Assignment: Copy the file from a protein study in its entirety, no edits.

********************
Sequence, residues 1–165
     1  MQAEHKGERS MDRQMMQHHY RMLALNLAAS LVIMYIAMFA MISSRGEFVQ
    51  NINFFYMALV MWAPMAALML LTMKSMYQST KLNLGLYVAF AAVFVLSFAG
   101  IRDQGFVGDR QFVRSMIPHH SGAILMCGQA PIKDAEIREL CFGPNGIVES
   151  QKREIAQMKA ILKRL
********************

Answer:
Sequence, residues 1–165
     1  MQAEHKGERS MDRQMMQHHY RMLALNLAAS LVIMYIAMFA MISSRGEFVQ
    51  NINFFYMALV MWAPMAALML LTMKSMYQST KLNLGLYVAF AAVFVLSFAG
   101  IRDQGFVGDR QFVRSMIPHH SGAILMCGQA PIKDAEIREL CFGPNGIVES
   151  QKREIAQMKA ILKRL